What other techniques have you employed to maintain morale and culture? 

We looked at our values a little over a year ago and collaboration made the top of the list, which I was excited about.  But putting it on the wall is one thing. Actually living out collaboration is another thing. I do feel that this has driven a new level of collaboration. Throughout the pandemic, our HR and internal comms have done a great job with a weekly town hall talking about key updates. It's been very honest; sometimes we don’t know the answer, but that's okay. It's also been a two-way street where employees can ask questions and be heard. And then we've been very adaptive. The leadership team has made changes to benefits and made changes to work from home experiences. I think this has played a key role in the culture of collaboration.

There's also the part about accountability. Have you found the right recipe for metrics to measure your team?

Interestingly enough, accountability is also one of the values that you see on the wall. It’s probably one of the least popular because who wants to raise their hand and say, ‘I want to be accountable.’

One thing I've noticed about metrics is that it hasn't been just IT metrics and it hasn't been HR metrics and finance metrics. You've seen a collaboration coming together. We have an almost daily meeting around working from home where our CFO or CIO brings people together to look at all the metrics and adjust them in real time. 

We do the same thing from a member assistance point of view. We have well over 40 individuals coming together, which I know breaks some Agile rules of having too many people come together, but it's great to see all these different perspectives in real time.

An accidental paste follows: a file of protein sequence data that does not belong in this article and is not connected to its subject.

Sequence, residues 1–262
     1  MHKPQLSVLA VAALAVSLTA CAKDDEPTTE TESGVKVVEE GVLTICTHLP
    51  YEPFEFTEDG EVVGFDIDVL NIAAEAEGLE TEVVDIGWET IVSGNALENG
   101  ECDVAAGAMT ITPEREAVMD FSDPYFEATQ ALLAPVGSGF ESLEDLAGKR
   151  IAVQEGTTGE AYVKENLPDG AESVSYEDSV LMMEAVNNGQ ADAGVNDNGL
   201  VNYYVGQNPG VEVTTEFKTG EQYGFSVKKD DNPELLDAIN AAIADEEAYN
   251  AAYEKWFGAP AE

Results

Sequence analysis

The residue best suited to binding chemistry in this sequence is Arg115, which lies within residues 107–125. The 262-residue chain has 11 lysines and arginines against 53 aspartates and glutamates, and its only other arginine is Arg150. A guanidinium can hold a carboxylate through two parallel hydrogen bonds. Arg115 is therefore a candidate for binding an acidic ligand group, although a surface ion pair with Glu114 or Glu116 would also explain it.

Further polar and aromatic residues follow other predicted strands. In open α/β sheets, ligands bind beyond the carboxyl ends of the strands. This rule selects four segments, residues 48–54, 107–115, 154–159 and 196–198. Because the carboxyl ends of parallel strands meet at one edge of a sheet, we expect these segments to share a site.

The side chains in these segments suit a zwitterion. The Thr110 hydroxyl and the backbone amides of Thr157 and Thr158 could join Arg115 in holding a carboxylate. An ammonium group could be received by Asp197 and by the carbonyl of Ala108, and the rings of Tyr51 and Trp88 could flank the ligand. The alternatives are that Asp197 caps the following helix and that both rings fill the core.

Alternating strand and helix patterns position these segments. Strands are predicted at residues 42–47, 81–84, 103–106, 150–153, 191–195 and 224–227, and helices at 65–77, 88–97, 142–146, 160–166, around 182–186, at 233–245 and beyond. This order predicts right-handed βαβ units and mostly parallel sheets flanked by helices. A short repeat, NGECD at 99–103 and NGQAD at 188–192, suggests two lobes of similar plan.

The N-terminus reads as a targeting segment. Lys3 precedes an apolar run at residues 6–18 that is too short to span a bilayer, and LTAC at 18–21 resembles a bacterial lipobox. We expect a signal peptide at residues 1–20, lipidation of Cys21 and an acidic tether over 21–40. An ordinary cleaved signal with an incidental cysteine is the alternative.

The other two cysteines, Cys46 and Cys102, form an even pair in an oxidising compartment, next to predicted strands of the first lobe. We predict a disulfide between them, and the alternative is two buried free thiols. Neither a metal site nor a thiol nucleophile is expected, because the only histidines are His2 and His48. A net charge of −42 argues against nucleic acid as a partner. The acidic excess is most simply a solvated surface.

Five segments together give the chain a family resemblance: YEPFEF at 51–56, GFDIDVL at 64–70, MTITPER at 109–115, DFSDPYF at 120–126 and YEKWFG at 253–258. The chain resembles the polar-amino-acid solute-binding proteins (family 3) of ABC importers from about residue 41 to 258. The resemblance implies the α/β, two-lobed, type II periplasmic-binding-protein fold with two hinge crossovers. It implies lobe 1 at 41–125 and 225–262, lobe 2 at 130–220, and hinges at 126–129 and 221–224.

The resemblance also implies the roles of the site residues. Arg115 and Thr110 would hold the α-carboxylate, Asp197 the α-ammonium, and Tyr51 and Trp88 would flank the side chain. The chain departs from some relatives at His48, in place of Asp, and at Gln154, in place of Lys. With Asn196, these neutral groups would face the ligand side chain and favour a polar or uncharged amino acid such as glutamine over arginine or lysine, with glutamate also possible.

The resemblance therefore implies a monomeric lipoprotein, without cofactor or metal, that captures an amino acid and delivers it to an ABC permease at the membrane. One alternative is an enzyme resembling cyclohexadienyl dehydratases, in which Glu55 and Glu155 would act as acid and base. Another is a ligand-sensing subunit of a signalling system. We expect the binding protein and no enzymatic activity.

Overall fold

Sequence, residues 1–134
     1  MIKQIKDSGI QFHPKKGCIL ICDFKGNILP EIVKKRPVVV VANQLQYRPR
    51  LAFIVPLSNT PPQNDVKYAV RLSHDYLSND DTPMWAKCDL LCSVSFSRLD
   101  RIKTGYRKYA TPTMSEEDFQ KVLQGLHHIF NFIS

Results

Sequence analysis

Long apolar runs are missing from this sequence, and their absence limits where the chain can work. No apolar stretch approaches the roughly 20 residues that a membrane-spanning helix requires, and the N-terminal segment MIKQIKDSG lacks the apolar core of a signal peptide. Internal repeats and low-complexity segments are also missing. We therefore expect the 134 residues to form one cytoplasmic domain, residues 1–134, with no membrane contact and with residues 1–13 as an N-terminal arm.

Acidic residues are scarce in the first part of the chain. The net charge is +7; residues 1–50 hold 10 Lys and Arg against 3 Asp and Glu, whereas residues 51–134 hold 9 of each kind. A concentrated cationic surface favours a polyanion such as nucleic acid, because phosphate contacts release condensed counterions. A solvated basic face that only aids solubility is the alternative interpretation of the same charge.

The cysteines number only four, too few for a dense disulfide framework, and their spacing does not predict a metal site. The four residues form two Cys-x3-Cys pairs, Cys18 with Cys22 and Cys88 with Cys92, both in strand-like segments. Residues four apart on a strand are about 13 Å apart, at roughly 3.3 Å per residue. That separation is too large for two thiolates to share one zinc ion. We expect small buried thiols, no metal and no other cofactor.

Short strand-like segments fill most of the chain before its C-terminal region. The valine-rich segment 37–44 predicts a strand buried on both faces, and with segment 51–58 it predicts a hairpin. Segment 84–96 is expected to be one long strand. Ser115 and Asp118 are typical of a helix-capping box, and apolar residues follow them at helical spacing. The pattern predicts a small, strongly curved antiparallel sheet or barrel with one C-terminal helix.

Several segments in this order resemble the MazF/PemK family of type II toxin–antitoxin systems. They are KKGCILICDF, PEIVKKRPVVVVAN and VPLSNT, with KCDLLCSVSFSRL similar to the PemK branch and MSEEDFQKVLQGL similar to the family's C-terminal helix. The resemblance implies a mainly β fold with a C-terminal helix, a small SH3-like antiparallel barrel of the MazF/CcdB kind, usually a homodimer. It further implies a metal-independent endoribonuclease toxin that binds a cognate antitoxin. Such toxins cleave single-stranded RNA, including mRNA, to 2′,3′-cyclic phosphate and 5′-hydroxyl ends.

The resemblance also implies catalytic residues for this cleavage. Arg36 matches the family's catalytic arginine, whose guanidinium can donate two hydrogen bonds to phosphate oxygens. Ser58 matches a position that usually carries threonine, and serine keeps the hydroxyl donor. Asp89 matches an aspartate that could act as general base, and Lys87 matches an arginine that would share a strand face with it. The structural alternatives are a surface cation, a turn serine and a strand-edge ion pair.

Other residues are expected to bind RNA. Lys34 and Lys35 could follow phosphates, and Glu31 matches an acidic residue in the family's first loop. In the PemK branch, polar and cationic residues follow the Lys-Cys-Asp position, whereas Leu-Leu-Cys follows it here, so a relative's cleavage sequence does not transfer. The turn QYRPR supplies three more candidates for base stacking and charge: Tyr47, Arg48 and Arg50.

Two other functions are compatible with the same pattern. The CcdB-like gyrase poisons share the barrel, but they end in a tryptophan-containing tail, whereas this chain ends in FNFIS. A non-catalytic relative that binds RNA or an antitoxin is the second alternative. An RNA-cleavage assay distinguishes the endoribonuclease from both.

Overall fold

How can we adjust to our members? What do they need from us right now? I've seen metrics be adjusted in real time. I've seen new metrics being requested. And I've seen more than one function understanding those metrics. So even technology has a view of what HR is measuring and HR has a view of what IT is looking at. 

Since collaboration so important, I've kept an eye on Office 365. I want to see our SharePoint requests getting spun up quickly, reading the tickets and all the different questions that come, because that's an input for a future training session.

So, we've had not only training of here's how you use a tool, but we've really changed that into best practices training.

If utilizing third party vendors, what steps are you putting in place to make sure deliverables and SLAs are being met?

We've had an open dialogue with a lot of our existing solution providers. And considering all the changes we've had to make to support our members and hospitals, there's been a number of vendors that said, ‘If we can help in any way, we're here for you.’ And we've really appreciated that. 
Then there's been new partnerships. There's been tech companies that have volunteered time and technology. We've considered how we bring them into the mix of supporting our hospital members. 

We typically sponsor a lot of live events. So, we've worked with a new partner, quickly engaging them virtually to meet our needs, and we've been happy to have that partnership - but it's been completely new and quick. Normally we don't start a partnership in a matter of days. We have months to do an RFP and all that, but we we've really accelerated some of those business relationships with a mutual benefit of supporting our members.

Are you able to find a happy medium and prevent burnout? How is your pace?

I've challenged my team. If you need that sanity break, if you need to take a walk, if you need to relax. That's important. That needs to be part of it to make sure that we can sustain where we're at today and then move into that new world at sustainable pace. A lot of people are trying to balance a lot of things, but we don't want to forget about what makes sense for the individual. 

What do you think the new normal will look like?

We talked about Agile a lot in our conversations. We're always going to be gathering information, thinking about what the next week or the next month looks like and adjusting along the way. The way you do that is by feedback from whoever your customer might be and provide feedback and adjust along the way. So the new normal will change, and it will adapt in the coming weeks and months.